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Accounting Words

Attribute

The quantifiable characteristic of an item that is measured for accounting purposes. For example, historical cost and current cost are attributes of an asset. See FASB Statement No. 52, available on the FASB’s website(standards page) 

Asset

Probable future economic benefits obtained or controlled by a particular entity as a result of past transactions or events.  See FASB Concepts Statement No. 6, available on the FASB’s website(standards page) 

Conversion

The exchange of one currency for another. See FASB Statement No. 52, available on the FASB’s website (standards page) 

Current Exchange Rate

The current exchange rate is the rate at which one unit of a currency can be exchanged for(converted into) another currency. For purposes of translation of financial statements referred to in this Statement, the current exchange rate is the rate as of the end of the period covered by the financial statements or as of the dates of recognition in those statements in the case of revenues, expenses, gains, and losses. The requirements for applying the current exchange rate for translating financial statements are set forth in paragraph 12. Further information regarding exchange rates is provided in paragraphs 26-28.

Financial Accounting Standards Board (FASB)

Recognized by the Securities and Exchange Commission (who has statutory authority to set accounting standards) as the primary accounting standard setter in the United States. For further information, check out the FASB’s website.

Private Accounting

Practicing accounting within a single entity, such as a corporation, not-for-profit organization or government agency.  Differs from Public Accounting (see below) in that you work for a single employer.  Typical jobs within private accounting include Controller, Director of Financial Reporting, Staff Accountant, cost accountant, etc…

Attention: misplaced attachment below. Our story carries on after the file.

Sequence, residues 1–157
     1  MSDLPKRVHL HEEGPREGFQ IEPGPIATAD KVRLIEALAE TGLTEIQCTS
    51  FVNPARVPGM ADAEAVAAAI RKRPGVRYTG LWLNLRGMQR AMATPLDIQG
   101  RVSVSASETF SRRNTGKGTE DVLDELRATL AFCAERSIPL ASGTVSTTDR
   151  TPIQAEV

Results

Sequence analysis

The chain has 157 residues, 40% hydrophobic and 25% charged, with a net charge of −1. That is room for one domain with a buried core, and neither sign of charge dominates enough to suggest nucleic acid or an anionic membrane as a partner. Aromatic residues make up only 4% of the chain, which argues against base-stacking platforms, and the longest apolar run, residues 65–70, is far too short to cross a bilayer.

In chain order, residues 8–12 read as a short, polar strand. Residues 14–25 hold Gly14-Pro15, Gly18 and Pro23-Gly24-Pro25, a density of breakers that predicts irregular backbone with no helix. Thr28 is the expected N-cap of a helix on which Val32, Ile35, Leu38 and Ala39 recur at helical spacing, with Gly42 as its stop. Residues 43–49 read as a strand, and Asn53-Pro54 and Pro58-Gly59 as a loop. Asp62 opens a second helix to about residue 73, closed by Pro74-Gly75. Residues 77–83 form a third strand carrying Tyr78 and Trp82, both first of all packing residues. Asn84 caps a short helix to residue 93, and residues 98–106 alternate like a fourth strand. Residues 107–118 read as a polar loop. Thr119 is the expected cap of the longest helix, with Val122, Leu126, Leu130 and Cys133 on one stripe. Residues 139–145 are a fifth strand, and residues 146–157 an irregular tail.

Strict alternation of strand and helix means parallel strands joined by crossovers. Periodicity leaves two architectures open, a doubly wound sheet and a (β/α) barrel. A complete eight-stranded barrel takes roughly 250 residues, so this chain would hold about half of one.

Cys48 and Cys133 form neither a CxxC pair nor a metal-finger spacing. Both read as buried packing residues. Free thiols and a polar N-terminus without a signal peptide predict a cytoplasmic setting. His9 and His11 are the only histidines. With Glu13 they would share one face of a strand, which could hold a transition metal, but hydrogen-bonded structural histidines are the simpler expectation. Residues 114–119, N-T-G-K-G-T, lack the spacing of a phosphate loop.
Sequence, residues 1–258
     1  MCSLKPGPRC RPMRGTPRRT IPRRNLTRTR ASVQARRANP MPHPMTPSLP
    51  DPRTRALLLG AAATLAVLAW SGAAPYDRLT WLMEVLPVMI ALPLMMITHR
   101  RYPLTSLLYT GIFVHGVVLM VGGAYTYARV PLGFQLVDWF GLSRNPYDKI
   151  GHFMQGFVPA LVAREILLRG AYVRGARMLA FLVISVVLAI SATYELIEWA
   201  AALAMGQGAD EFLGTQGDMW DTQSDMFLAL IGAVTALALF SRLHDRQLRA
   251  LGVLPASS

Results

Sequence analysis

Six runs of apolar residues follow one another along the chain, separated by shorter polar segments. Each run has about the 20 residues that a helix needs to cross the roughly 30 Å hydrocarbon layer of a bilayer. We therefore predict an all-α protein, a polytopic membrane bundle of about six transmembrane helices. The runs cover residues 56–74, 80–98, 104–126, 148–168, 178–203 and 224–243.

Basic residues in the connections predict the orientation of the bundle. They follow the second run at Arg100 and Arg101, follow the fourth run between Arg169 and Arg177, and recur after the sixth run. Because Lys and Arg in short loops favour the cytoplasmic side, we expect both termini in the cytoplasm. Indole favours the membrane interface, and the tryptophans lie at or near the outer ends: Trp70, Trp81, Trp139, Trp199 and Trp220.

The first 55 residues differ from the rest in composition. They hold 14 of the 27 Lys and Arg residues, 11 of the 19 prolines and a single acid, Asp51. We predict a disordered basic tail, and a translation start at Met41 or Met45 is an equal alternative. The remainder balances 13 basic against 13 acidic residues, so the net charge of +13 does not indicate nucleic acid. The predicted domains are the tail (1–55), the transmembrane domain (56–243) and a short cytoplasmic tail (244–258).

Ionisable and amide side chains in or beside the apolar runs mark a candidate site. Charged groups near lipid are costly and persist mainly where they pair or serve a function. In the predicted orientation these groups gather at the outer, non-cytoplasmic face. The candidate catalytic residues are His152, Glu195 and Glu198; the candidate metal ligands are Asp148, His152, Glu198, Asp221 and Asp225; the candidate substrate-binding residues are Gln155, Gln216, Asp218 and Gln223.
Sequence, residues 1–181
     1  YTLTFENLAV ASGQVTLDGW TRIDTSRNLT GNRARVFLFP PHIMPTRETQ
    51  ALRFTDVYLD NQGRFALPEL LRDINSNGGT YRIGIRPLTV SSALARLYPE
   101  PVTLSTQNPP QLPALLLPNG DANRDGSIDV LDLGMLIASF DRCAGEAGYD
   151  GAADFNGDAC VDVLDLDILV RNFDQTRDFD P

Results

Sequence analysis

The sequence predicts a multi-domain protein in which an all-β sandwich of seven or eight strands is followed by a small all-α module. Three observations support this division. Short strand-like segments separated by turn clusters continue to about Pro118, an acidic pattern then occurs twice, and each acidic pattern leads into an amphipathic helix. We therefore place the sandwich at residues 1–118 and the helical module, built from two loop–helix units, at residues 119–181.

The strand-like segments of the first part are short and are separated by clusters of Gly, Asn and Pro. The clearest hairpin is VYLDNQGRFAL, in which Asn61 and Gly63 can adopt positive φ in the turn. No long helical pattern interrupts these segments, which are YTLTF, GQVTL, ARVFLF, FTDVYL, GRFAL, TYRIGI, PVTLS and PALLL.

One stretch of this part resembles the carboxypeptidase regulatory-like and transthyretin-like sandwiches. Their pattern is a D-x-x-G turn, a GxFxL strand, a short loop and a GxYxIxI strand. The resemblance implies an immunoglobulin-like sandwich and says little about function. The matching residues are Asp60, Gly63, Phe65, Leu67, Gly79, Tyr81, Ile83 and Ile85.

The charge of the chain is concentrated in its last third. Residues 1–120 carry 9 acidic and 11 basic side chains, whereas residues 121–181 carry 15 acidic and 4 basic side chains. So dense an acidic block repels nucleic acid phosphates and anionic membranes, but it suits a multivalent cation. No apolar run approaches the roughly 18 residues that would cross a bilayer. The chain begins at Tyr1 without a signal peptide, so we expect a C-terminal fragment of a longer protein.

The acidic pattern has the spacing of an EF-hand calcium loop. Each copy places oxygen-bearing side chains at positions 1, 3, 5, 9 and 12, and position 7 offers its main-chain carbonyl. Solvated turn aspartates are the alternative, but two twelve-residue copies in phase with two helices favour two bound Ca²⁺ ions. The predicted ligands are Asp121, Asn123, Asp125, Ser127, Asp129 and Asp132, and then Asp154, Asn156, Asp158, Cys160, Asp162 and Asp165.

Public Accounting

Practicing accounting in a public accounting firm that provides accounting and related services to a wide variety of client entities and/or individuals (more like a law firm vs. working for a corporation).  Typically, public accountants are licensed by their respective state accounting boards and hold themselves out as CPAs.

Securities and Exchange Commission

Primary securities regulator in the United States with broad authority over the securities industry, including regulating: securities exchanges, brokers, dealers, issuers, mutual funds and investment advisers.  Established by the Securities Exchange Act of 1934 to protect investors and ensure the integrity of U.S. capital markets.  Comprised of five commissioners appointed by the President (consent of Senate).  For further information, check out the SEC’s website (about section).

Securities Act of 1933

One of the primary securities laws in the United States passed by Congress in the wake of the market crash of 1929 and other fraud within the capital markets.  Among other things, the Securities Act requires, with limited exceptions or exemptions, registration of all securities offered to the public. Registration includes providing potential investors with financial and other information about the issuers’ financial condition and operations. A copy of the Securities Act of 1933 is available via the Securities and Exchanges’ website, here. 

Securities Exchange Act of 1934

One of the primary securities laws in the United States passed by Congress in the wake of the market crash of 1929 and other fraud within the capital markets.  The Act created the Securities and Exchange Commission, the primary securities and capital market regulator within the United States. The Act also prohibits certain types of conduct including, deceit, misrepresentation and insider trading. The Act also empowers the Securities and Exchange Commission to require certain periodic information from issuers, including financial and non-financial information. A copy of the Securities Exchange Act of 1934 is available via the Securities and Exchanges’ website, here.

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